Sunday, May 10, 2015

Review: Bad Feminist by Roxane Gay

Bad Feminist by Roxane Gay 2/5  
(2014; Harper Perenial, $15.99)

According to my Good Reads account, which is rarely a timely account of when I completed a book, I finished Roxane Gay's Bad Feminist in late January.  Originally, I had intended to write a review of the book soon after I had finished it, but I didn't, though not without reason.  Over the past several months, I have gone back and forth on what to rate the book, eventually settling on two starts.  Here's why:

Going into Bad Feminist, I had high hopes for the essay collection: that I would identify with Gay, that I would see some of my own idiocentricities vis-a-vie feminism represented in the text, or that the author would make a profound statement regarding the present status of feminism.  None of these expectations were met; however, the fact that they weren't says as much about me as it does about the book.



Gay's collection is deeply personal and a fine introduction to intersectional feminism for the uninitiated.  The essays that explore the tension between Gay's upper-middle class upbringing, her experiences with sexual violence, and her family's Haitian heritage gave me pause to think.  Yet, Gay's introspection never gets around to answering her book's central conceit: what is a "bad feminist" and how is (or isn't) Gay one of them?  A fondness for Robin Thick's "Blurred Lines" doesn't mean your feminist credentials are in jeopardy, it just means that you have questionable musical taste.

Rather, the "bad feminist" becomes a limp conceit that the author only touches on in her introduction and conclusion.  Nothing between these literal and figurative bookends interrogates the concept further.  Instead, what we are left with Gay's musings on competitive Scrabble; a few salient remarks on race, class, and gender; and reflections on being a first year professor.  This isn't to say the collection is a total, disappointment-- on the contrary, it's a solid book of thought provoking essays-- but it fails to live up to its evocative title.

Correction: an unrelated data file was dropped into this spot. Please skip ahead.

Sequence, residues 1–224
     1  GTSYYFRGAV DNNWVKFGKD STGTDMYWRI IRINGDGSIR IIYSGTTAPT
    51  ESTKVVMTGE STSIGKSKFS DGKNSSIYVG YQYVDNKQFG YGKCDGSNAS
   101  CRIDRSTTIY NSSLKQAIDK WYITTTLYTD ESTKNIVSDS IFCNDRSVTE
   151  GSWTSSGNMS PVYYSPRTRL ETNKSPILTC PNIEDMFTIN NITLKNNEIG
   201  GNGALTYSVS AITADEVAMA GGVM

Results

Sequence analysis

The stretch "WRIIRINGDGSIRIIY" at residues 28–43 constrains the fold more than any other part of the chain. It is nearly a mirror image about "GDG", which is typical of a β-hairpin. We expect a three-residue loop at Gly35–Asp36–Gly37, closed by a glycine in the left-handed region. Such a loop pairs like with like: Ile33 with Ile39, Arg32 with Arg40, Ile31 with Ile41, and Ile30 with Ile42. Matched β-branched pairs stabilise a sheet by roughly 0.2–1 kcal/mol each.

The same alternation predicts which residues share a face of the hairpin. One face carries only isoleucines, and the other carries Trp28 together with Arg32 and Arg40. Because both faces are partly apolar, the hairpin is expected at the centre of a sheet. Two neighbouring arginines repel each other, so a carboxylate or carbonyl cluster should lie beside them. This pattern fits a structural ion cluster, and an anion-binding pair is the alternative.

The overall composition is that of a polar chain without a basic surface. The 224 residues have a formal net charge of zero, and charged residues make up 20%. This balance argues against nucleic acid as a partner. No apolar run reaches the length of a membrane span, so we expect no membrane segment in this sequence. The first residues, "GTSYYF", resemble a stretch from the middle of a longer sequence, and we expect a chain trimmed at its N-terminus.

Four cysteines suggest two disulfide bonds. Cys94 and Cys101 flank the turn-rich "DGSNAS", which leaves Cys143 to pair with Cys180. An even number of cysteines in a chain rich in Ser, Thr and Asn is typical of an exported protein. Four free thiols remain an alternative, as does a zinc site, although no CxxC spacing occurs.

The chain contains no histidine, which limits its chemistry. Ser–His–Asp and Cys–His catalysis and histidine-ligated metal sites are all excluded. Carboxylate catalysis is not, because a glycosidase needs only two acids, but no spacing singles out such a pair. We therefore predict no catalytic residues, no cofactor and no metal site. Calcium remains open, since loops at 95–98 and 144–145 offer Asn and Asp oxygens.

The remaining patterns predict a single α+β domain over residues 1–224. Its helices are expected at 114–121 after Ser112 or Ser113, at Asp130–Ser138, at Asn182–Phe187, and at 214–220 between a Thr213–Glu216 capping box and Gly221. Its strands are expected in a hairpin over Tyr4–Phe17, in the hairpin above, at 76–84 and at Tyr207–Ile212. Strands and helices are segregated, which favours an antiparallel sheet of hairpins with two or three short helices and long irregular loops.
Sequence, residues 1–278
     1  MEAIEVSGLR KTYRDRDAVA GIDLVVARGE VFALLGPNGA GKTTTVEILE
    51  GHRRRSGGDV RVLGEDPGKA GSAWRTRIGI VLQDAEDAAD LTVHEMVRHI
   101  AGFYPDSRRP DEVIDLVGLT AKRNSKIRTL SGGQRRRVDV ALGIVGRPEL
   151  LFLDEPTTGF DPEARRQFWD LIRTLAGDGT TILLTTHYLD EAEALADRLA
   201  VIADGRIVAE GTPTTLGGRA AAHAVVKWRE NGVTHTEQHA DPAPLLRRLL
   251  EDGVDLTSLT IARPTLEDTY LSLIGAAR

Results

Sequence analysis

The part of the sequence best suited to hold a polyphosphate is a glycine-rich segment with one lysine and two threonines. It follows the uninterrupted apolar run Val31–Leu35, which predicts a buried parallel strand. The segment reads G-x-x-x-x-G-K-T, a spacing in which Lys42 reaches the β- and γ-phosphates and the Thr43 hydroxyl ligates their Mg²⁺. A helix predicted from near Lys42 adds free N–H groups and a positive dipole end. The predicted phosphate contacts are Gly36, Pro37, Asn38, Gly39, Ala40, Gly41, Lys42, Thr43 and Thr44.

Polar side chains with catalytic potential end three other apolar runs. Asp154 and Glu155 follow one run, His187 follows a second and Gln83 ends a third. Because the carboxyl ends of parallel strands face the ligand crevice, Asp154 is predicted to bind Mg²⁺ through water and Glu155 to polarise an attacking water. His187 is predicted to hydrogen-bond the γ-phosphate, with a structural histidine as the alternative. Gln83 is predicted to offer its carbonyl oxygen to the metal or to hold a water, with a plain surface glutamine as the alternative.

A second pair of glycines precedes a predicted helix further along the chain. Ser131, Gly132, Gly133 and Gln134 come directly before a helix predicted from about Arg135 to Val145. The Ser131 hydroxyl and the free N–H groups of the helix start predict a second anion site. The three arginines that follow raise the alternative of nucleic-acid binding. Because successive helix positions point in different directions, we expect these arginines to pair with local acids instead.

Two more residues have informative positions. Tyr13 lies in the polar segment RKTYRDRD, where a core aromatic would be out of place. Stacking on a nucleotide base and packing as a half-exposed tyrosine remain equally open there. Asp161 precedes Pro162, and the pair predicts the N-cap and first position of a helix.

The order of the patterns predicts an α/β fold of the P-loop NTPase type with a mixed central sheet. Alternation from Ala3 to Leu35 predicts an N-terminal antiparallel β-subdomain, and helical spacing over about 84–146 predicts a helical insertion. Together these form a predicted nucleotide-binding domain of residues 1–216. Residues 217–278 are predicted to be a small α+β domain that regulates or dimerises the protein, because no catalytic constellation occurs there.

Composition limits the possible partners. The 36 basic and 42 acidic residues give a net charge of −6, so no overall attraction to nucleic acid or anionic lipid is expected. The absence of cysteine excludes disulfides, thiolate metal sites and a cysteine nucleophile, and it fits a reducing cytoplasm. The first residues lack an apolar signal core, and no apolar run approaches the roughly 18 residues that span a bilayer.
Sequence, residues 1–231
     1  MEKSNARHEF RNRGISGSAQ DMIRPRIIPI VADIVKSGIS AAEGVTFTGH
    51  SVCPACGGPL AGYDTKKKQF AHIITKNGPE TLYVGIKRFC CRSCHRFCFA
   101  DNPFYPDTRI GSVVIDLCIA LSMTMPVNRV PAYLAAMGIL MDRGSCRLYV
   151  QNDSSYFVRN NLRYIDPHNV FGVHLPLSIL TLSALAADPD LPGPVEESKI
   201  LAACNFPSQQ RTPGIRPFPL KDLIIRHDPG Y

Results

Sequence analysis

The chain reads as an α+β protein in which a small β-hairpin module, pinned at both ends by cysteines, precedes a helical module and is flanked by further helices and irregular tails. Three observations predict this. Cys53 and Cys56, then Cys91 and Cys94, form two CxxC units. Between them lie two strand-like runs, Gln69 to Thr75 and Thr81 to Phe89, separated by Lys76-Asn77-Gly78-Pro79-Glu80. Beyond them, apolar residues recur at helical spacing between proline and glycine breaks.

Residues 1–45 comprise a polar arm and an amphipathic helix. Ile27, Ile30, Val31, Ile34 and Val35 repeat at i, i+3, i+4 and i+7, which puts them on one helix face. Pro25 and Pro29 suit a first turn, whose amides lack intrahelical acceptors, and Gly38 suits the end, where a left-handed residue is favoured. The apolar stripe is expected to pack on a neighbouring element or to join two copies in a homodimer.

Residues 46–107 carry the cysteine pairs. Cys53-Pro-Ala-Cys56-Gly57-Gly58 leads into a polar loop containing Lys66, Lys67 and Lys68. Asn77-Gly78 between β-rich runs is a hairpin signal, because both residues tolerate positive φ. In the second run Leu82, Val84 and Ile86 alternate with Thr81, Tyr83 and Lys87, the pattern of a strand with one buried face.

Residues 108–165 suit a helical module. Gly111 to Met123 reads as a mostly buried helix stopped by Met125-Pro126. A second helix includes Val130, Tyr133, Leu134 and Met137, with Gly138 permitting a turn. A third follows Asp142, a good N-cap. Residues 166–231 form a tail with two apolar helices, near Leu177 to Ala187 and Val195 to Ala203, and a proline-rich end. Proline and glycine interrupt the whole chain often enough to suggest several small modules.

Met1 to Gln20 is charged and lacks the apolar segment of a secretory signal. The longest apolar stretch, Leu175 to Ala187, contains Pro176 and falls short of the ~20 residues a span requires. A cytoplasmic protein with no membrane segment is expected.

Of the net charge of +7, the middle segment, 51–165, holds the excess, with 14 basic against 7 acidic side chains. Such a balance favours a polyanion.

My disappointment is that the book doesn't live up to the expectations of its title.  You would think (I thought, anyway) that the collection would attempt some reconciliation between being a feminist in the twenty-first century while still consuming (and enjoying) elements of pop culture, that Gay's experiences would be the lens through which we would interrogate these  aspects what it means to be a feminist.  But it doesn't.  Rather, there isn't anything particular "bad" about Gay's ethos; rather, I thought much of her analysis to be spot on or, at least, conventionally unconventional, even down to her distaste for Caitlin Moran, who I virulently dislike beeteadubs.  Long story short: I thought I was picking up The Feminine Mystique of my generation, instead I  got a neat primmer on intersectional feminism and competitive Scrabble.

My disappointment with the book then is less about what the book itself, it was the fact that the book didn't live up to my expectations.  Perhaps it's wrong to expect a book to be everything to everyone, to be THE answer of your generation, but I still feel cheated.  If you go into your reading with tempered expectations, there is much to enjoy.  However, if you're looking for your next Germaine Greer, keep moving. 

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